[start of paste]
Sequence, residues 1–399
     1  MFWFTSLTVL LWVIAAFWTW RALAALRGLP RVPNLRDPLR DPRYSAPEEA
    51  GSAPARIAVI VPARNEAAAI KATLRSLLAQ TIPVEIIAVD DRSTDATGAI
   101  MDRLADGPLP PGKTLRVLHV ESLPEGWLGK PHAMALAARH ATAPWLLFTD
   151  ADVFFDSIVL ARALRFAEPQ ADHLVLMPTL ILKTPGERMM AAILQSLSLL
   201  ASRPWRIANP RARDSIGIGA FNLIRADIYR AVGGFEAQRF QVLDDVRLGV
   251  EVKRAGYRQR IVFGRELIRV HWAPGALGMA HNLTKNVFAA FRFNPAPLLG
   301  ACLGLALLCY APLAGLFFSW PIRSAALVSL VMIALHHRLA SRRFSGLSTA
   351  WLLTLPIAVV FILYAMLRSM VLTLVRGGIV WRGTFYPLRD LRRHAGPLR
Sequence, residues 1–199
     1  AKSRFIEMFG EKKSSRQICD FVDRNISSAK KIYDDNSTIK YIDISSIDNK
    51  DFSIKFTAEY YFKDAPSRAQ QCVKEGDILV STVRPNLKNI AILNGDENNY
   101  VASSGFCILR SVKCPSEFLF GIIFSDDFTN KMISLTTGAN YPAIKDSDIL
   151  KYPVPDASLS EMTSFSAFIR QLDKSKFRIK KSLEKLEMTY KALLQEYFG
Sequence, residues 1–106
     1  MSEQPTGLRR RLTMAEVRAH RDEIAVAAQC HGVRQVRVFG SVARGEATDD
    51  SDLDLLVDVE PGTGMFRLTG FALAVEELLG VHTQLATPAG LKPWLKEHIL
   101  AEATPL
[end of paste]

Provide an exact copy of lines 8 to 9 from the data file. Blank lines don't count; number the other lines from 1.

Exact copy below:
   301  ACLGLALLCY APLAGLFFSW PIRSAALVSL VMIALHHRLA SRRFSGLSTA
   351  WLLTLPIAVV FILYAMLRSM VLTLVRGGIV WRGTFYPLRD LRRHAGPLR